But that doesn`t matter to some people who deliberately ignore or rationalize certain facts because they don`t like them. And through the Internet and related media, they have the means to express these toxic ideas to impressionable people and mislead them. The Media Literacy Project`s approach is based on a framework for media justice. Media justice testifies to the need to go beyond creating better access to the same old media structure. Media justice takes into account history, culture, privilege and power. We need new relations with the media and a new vision of their control, access and structure. Media Justice understands that this requires new policies and systems that treat our airways and communities as more than just markets. In North America, the beginnings of a formal approach to media literacy as an educational issue are often attributed to the founding of the Ontario-based Association for Media Education (AML) in 1978. Prior to this time, the teaching of media literacy was generally the responsibility of teachers and practitioners.
Canada was the first country in North America to include media literacy in the curriculum. Each province has prescribed media literacy in its curriculum. For example, Quebec`s new curriculum makes media literacy mandatory from Grade 1 to the final year of secondary school (Secondary V). The introduction of media literacy in Canada occurred for two reasons. One reason was concern about the spread of American popular culture, and the other was the need for the education system to provide contexts for new educational paradigms. Canadian communications scientist Marshall McLuhan sparked the North American media literacy movement in the 1950s and 1960s. Two of Canada`s leaders in media literacy are Barry Duncan and John Pungente. Duncan passed away on June 6, 2012. Even after retiring from the class, Barry was still active in media education. Pungente is a Jesuit priest who has been promoting media literacy since the early 1960s.
Montenegro became one of the few countries in the world to include media literacy in its curricula when “media literacy” was introduced as an option for 16- and 17-year-old high school students in 2009.  In Iran, Nasra is a movement that aims to meet the learning needs of all children, adolescents, and adults in 2018.  This social movement focuses on digital media use and mental health, thereby increasing the capacity to use media for the public.   Would you like to reserve a business information literacy tailored to your course and/or task needs? The American Library Association defines information literacy as ” A set of skills that require individuals to “recognize when information is needed and have the ability to effectively locate, evaluate, and use the information they need.” Check out our list of relevant specialist librarians to identify your liaison librarian and request a course. The term is generally used when it comes to the education and education of media-savvy children in the 21st century. David Buckingham proposes “a theoretical framework that can be applied to all contemporary media and also to `old` media in the practice of media education: production, language, representation and audience”.  Following the concepts presented by David Buckingham, Henry Jenkins discusses the emergence of a participatory culture and emphasizes the importance of “new media literacies” – a set of cultural and social competencies that young people need in the new media landscape.  We live and work in a growing digital world. Business owners who want to keep pace and beat the competition should take steps to ensure their business is digitally ready. Fortunately, Simplilearn offers a postgraduate program in Digital Transformation that prepares you for the challenges of business transformation.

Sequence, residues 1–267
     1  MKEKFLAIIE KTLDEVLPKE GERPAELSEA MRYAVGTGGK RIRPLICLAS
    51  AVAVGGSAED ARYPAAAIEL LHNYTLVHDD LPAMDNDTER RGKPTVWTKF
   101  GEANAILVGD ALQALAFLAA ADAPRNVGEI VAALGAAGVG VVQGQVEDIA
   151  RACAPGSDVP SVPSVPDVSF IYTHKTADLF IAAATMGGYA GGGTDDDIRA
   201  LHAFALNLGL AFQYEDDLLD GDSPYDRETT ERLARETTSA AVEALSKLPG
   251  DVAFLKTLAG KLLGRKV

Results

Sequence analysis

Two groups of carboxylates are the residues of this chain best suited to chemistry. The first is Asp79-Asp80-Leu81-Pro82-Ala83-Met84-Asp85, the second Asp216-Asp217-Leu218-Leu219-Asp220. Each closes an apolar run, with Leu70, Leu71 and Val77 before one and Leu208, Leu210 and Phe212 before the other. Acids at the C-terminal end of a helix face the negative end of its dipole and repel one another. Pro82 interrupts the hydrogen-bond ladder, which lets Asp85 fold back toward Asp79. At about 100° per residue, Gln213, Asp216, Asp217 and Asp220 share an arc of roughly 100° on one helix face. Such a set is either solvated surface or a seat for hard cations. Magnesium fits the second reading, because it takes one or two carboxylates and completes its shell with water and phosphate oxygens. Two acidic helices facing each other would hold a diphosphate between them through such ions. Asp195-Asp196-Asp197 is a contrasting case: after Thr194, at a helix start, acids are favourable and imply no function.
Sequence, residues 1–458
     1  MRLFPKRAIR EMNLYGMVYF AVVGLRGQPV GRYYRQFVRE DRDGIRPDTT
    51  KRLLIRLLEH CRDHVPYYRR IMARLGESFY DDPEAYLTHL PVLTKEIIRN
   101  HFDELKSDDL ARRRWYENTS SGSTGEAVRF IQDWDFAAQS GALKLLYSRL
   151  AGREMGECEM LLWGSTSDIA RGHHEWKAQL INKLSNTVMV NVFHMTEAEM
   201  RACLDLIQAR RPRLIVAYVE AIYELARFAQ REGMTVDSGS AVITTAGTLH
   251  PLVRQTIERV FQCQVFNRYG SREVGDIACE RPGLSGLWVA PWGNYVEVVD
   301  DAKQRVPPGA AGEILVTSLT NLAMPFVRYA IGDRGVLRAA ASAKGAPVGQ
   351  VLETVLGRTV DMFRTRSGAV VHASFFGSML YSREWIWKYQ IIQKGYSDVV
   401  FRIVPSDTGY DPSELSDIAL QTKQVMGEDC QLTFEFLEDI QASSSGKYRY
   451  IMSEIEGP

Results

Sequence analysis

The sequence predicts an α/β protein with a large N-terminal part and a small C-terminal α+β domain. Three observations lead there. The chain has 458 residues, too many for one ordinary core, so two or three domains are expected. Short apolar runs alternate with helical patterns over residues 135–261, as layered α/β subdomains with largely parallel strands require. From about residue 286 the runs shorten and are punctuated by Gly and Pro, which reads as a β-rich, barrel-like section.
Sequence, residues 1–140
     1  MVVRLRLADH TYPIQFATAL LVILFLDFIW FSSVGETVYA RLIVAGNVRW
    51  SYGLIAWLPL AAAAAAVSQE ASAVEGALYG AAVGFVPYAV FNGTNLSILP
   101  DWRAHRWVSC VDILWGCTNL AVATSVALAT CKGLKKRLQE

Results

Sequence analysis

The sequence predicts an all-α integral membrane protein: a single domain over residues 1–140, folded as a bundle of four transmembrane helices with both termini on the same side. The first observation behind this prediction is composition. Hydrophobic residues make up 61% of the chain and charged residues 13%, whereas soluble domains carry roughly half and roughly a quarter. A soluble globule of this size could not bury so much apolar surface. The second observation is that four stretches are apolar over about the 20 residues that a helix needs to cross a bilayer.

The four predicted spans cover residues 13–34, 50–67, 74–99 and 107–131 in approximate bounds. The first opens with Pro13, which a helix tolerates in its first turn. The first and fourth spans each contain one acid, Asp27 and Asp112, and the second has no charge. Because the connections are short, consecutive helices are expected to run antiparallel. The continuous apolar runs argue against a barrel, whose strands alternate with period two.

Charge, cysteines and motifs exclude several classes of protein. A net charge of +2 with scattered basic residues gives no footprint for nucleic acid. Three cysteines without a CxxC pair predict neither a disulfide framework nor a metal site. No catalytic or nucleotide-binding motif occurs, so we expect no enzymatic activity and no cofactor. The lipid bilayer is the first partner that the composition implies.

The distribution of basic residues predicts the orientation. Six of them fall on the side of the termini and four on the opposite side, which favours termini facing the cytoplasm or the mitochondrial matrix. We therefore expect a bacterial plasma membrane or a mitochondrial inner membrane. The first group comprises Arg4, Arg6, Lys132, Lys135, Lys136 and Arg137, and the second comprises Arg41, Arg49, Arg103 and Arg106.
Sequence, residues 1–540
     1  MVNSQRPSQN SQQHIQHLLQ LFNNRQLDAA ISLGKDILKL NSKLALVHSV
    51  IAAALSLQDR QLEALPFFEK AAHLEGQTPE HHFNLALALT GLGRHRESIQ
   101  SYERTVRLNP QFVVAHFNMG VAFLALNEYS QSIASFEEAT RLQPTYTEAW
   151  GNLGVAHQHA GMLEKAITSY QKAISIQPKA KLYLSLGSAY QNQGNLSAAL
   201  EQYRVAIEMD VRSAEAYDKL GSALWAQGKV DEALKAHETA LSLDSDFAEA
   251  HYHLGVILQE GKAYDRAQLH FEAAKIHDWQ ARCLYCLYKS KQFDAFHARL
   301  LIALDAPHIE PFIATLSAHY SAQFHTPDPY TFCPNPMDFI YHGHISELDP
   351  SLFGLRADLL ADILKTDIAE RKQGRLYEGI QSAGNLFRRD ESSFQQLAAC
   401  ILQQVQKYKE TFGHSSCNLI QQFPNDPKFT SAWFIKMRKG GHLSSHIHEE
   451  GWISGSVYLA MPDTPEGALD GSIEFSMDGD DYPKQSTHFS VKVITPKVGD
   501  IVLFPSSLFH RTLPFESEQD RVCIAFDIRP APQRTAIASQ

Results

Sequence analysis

As business people, we spend a lot of time on the Internet. In our presentations and suggestions, we use articles and reports from the Internet. We share content on our social media accounts. We comment on what people write on their blogs, etc. It is important that we are responsible media publishers, which means that as individuals, we must learn to be media literate. I am not against marketing. I think it`s fantastic that marketing companies have access to consumer data that helps them make good business decisions. That being said, as consumers, we need to know what data we share with companies and what they are allowed to do with it. I must admit that I was surprised to learn that the CrashCourse program included a section on user data, targeted advertising, and terms of service. It reminded me that part of my responsibility as a media consumer is to understand what`s happening to my data. Teachers in Beijing, China, recognize the importance of teaching media literacy in primary schools, based on their own interest in the need for media literacy in education.
 Other programs in China include Little Masters, a Chinese publication created by children that covers a variety of topics and helps children learn journalism and basic teamwork and communication skills.  Studies have been conducted to test the level of media literacy among Chinese-speaking students in China and Taiwan, but more research is needed.  Information literacy is highly valued in education, but media literacy is less so. In recent years, a large number of initiatives aimed at teaching media literacy have strengthened cooperation in Europe and North America. Many cultural, social and political factors determine the importance of media literacy initiatives.  Mind Over Media is an example of international cooperation in media literacy: it is a digital learning platform based on participatory examples of contemporary propaganda shared by educators and learners around the world.